Africa Outlook profiles Stefanutti Stocks Swaziland, a standalone subsidiary of Stefanutti Stocks, one of South Africa’s leading construction groups.
Writer Susan Miller
Project manager Stuart Shirra
Pinning Derek Du Plessis, Managing Director of Stefanutti Stocks Swaziland, down for an interview is pretty hard but we eventually got to chat on a Sunday morning as he travelled to a meeting.
And it’s no wonder he’s time poor as he’s also one of the senior directors in charge of Stefanutti Stocks Zambia.
While Stefanutti Stocks Swaziland is a standalone subsidiary of Stefanutti Stocks South Africa it is supported by the larger company when needed.
And the strong relationship only strengthens Stefanutti Stocks Swaziland as Stefanutti Stocks South Africa prides itself on “creating a support and project infrastructure in the harshest environments and the recruitment and up-skilling of local communities” and has established a presence in significant number of African countries and now the Middle East.
But it was Swaziland that was its first ‘international’ destination in the late 1980s and, after Stafanutti Stocks (then S&B) completed a palace ‘to compete with anything in James Bond films’ for King Mswatti III, it opened offices in the Kingdom.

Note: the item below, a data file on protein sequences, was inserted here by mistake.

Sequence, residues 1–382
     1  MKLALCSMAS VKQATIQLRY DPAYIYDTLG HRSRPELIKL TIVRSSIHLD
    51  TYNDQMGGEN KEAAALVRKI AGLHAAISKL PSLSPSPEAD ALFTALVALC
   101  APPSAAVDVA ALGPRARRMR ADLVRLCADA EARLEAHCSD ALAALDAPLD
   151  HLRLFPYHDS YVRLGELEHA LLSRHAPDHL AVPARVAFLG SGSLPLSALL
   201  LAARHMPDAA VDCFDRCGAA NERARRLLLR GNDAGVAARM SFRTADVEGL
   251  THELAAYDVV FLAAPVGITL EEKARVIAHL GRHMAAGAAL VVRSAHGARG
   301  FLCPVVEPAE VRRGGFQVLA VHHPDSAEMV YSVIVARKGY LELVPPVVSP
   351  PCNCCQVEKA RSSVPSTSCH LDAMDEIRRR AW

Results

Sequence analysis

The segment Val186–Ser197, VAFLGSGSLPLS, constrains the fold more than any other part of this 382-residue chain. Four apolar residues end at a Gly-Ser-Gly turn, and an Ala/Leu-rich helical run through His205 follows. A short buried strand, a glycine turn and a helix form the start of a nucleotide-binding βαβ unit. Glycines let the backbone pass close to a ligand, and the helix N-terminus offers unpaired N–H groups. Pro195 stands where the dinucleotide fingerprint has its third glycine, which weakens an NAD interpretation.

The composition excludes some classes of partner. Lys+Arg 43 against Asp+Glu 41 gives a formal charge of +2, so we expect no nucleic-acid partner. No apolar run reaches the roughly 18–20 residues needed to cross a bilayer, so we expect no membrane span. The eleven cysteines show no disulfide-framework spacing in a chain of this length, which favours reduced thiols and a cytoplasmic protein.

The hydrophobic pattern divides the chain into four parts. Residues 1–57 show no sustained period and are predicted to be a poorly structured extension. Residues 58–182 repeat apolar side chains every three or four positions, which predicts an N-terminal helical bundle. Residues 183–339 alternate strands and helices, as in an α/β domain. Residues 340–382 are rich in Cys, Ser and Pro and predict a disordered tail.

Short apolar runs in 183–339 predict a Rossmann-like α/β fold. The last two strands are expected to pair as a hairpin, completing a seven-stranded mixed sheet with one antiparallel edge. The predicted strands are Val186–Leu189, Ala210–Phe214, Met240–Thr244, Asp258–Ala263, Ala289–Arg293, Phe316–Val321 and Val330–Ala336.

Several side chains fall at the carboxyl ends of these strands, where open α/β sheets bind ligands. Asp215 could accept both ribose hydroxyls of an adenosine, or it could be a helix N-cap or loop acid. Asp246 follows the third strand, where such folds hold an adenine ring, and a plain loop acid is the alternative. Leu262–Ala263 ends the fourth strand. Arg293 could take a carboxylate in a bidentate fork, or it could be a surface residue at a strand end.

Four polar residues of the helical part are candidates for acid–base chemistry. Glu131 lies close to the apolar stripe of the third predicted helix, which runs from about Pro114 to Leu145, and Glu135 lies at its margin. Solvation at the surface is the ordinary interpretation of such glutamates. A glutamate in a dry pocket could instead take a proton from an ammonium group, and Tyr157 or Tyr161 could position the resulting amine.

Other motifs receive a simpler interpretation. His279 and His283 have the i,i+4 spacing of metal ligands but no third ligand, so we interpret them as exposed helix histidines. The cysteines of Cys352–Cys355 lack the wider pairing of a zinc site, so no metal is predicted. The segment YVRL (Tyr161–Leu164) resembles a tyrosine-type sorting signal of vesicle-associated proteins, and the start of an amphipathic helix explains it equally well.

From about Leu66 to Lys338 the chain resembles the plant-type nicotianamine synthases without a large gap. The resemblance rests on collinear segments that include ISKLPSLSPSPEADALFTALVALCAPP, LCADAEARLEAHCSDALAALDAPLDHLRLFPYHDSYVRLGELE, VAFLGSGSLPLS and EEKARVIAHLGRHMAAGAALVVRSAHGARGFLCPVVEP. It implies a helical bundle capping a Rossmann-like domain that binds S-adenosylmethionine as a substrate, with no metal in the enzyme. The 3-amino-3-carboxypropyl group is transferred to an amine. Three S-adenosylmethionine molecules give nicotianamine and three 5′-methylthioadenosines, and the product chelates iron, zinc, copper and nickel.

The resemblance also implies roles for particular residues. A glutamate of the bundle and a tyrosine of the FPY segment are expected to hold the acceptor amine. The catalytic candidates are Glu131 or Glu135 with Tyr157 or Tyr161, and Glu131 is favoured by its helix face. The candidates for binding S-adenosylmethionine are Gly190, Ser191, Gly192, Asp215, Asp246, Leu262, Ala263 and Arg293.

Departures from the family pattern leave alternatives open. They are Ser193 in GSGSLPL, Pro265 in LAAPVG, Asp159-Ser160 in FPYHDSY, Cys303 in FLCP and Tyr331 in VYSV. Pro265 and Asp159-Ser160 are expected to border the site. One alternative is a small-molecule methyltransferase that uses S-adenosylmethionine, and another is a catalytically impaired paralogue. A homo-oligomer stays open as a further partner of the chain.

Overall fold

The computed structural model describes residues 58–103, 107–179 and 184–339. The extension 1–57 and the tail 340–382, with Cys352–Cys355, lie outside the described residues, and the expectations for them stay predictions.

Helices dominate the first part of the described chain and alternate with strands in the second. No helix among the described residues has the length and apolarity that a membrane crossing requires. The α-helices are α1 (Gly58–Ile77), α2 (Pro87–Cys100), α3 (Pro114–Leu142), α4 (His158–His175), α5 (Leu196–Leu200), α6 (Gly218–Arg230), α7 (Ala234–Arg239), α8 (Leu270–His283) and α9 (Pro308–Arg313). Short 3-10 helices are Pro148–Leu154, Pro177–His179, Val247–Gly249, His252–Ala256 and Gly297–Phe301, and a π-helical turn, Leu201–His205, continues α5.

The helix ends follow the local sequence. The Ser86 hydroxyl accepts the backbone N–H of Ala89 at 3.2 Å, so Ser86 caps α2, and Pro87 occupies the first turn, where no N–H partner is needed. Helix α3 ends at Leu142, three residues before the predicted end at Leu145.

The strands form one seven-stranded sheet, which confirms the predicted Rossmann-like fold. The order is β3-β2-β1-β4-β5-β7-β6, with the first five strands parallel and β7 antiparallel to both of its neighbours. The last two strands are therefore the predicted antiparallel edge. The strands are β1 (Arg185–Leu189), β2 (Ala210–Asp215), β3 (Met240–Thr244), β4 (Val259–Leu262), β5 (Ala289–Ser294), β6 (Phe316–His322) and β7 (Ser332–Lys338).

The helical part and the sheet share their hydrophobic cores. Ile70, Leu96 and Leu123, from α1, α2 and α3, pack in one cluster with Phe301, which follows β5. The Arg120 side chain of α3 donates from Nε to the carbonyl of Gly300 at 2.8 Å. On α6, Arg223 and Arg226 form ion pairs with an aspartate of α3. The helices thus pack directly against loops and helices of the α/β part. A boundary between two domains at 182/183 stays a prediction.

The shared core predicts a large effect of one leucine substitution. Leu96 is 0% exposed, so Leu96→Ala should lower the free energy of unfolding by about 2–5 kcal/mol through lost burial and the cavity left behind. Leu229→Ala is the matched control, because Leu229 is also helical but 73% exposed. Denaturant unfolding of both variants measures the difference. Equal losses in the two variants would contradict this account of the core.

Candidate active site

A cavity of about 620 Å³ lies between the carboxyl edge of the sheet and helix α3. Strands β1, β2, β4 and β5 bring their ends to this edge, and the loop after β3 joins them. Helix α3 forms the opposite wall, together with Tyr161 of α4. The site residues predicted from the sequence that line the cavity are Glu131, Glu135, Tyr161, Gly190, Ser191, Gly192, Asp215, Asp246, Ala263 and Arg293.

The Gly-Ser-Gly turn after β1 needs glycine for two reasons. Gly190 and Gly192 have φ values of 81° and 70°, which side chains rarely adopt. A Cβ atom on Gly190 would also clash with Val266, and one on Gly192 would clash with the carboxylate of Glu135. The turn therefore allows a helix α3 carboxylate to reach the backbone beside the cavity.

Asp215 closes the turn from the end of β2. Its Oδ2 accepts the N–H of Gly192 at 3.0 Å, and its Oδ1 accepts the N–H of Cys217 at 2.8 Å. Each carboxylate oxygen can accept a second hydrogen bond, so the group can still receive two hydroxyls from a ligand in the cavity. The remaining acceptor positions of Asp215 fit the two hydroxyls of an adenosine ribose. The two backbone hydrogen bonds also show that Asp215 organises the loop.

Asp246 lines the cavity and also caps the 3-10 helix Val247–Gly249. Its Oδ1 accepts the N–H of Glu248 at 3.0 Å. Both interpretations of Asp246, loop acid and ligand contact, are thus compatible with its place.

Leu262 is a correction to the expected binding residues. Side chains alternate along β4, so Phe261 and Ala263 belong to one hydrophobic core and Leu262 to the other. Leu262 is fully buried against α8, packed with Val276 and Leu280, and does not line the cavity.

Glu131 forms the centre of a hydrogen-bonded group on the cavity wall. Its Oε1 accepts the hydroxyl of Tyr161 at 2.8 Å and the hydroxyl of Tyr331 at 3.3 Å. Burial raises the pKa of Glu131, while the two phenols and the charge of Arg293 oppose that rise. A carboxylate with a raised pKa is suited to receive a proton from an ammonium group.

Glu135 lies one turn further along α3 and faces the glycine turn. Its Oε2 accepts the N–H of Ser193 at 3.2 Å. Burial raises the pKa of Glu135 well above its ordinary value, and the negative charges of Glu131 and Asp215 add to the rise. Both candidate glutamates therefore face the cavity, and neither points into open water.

Mr Du Plessis prides himself on the company’s multi-disciplinary approach and ability to complete a range of different tasks in the engineering and construction fields.
Its importance is merely underlined by its impressive portfolio of projects – including involvement in the construction of the Sikhuphe International Airport which is set to replace Matsapha Airport and is due to open in August/September this year.
Du Plessis says Stefanutti Stocks is responsible for a fair percentage of the project – probably about US$100 million – and built the terminal building, all the support buildings and critical buildings like the radar tower and fire station.
The Airport prospectus explains that the three-storey terminal building covers approximately 7,000m2 and it has a planned capacity to handle at least 300,000 arrivals/departures per year.
It has been an exciting project to be involved with and it’s an area where the group excels. “We have been involved with most of the airports in southern Africa, and that is one of our niche capabilities,” Du Plessis says.
Other big projects the company has been involved with and recently completed or which are in the process of being completed include the LUSIP main canal, an irrigation project on the Swaziland lowveld which is aimed at the “tertiary distribution of water for irrigation projects for products like sugar”.
And in 2010 global cellular giant MTN launched the construction of its new MTN Swaziland headquarters at MTN Golf Park in Ezulwini, southeast of Mbane and midway between the capital and Manzini.
Stefanutti Stocks Swaziland was joint-ventured with Swazi-owned Frontline Builders on the erection of the R20 million office block and technical centre.